Campus journalists from Eastern Visayas in the Philippines participated in a workshop conducted by Climate Tracker Asia that aimed to help them become effective storytellers of climate change issues.
Former ABS-CBN Tacloban news chief Sharon Evite speaks with campus journalists from Eastern Visayas.
Believing that young people are valuable contributors to climate action, Climate Tracker Asia organized a training program on climate journalism in Dolores, Eastern Samar on June 2.
Around 300 elementary and high school students competing in the 2023 Regional Schools Press Conference and their school paper advisers attended the event. The activity was organized in partnership with the Department of Education Eastern Visayas.
Climate Tracker Asia Regional Director Biena Magbitang talks about the organization’s mission of empowering emerging climate storytellers.
The training program aimed to inspire and equip budding journalists in Eastern Visayas—a region vulnerable to the impacts of climate change—with knowledge and skills to produce stories that amplify voices of underrepresented communities, spark action, and shape climate policies.
“We are letting you become agents of change and tell the stories of your experiences,” Climate Tracker Asia Regional Director Biena Magbitang said.
Telling their own stories
A campus journalist from Eastern Visayas listens to a speaker during a training session on climate journalism.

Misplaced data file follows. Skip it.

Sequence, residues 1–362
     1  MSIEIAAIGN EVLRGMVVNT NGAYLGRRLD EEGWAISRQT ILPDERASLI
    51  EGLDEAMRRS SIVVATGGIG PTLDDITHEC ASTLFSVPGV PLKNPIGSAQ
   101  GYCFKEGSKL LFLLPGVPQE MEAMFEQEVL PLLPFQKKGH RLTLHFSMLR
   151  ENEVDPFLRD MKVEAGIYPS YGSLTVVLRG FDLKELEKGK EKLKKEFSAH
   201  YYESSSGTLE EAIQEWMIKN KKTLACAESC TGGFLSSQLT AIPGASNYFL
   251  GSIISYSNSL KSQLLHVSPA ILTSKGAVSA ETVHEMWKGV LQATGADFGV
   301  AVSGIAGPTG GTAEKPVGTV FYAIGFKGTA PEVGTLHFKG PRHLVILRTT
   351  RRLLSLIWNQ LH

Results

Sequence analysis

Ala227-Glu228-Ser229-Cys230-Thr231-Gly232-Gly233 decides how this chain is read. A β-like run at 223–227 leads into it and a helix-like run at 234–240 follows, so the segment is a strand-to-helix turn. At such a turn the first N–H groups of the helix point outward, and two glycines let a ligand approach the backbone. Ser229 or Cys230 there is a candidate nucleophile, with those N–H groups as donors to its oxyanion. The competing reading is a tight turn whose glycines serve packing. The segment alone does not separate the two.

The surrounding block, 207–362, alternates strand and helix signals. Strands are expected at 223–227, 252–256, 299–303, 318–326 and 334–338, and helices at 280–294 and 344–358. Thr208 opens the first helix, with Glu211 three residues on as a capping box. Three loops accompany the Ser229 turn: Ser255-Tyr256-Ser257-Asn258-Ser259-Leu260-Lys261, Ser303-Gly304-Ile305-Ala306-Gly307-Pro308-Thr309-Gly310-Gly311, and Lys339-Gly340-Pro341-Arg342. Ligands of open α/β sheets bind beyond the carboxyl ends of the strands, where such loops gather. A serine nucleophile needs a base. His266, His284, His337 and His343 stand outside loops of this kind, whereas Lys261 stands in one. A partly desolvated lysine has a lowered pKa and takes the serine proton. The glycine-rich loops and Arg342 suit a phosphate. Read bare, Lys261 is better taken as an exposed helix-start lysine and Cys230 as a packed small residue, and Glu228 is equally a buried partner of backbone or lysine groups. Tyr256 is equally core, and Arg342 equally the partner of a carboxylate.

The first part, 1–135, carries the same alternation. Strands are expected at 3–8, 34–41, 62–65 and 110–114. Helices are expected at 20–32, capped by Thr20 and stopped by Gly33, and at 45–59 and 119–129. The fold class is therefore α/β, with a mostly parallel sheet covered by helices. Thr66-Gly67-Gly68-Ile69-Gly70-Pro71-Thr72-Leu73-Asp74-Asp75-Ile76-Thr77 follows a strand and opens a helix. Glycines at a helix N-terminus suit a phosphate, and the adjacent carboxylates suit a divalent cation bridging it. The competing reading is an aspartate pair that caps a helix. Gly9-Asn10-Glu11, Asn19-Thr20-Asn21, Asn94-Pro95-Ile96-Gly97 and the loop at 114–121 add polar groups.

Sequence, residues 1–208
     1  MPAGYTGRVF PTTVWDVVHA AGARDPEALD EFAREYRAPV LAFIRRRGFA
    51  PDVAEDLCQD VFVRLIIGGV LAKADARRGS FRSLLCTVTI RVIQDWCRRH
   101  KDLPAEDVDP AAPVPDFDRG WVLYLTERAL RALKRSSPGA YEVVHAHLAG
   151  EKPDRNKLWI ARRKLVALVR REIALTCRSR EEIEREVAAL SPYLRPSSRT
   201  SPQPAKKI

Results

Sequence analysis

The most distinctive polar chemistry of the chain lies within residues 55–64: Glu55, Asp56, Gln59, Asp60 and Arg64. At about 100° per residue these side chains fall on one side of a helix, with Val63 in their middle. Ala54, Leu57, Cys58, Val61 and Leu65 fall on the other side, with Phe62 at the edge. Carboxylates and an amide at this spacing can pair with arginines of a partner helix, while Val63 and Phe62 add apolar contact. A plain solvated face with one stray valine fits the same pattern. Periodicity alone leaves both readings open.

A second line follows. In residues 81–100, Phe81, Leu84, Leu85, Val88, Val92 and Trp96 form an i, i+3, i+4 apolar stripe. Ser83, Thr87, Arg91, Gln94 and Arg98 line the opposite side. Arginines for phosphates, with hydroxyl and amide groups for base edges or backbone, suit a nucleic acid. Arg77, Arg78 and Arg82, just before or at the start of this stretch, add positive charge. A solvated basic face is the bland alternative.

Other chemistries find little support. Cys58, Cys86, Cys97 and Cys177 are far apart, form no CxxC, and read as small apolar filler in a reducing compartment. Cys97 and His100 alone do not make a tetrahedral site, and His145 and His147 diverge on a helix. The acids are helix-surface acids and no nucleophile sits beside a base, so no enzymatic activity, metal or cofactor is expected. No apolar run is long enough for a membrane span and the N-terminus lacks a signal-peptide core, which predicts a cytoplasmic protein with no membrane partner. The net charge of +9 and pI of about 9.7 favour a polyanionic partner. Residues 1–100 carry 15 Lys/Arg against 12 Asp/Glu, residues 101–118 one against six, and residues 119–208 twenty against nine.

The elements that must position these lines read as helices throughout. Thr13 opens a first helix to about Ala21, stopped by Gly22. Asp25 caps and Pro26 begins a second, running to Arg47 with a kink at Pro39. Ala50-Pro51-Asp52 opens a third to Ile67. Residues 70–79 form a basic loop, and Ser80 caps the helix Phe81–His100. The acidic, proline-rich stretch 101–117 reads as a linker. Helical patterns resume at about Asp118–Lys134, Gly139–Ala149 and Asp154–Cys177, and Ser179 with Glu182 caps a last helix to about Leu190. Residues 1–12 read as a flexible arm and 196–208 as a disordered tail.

Former ABS-CBN Tacloban news chief Sharon Evite reminded participants that journalism is a public service as she discussed the importance of community storytelling.
She also shared effective interviewing techniques, active listening skills, and ethical considerations when working with communities.
“In writing a compelling story for television broadcasts, always remember this: write for the ear, shoot for the eye, and aim for the heart,” Evite said.
Celine Murillo, a conservation storyteller and Climate Tracker fellow, talked about the principles of visual storytelling and provided tips on how to create engaging climate-related content on popular social media platforms such as TikTok.
“Climate Tracker highly values the significance of educating young and aspiring journalists in a region frequently afflicted by disasters about climate journalism,” Murillo said.
Need for climate action
Philippine Movement for Climate Justice’ Fara Diva Gamalo discusses the fossil fuel expansion in the country.
Fara Diva Gamalo of the Philippine Movement for Climate Justice tackled the drivers of climate change as well as its impacts such as stronger cyclones and rising sea levels. The session aimed to provide participants with a better understanding of climate challenges specific to Eastern Visayas and the urgency for action.
Queenee Tisha Dela Cruz and Emstien Dizcar, members of Sudao Green Minds, discussed how climate change disproportionately affects marginalized communities and exacerbates existing inequalities.
The former Climate Tracker fellows also highlighted movements that advocate for climate justice and shared their experiences participating in the organization’s program.
“Stories are like knots that connect every aspect of our society. Maybe one out of four people who read your stories will change their life and help minimize the effects of climate change or even join the fight for climate justice and become one of the storytellers,” Dela Cruz said.
“It is what we need right now—a pen that bleeds for the future generation,” she added.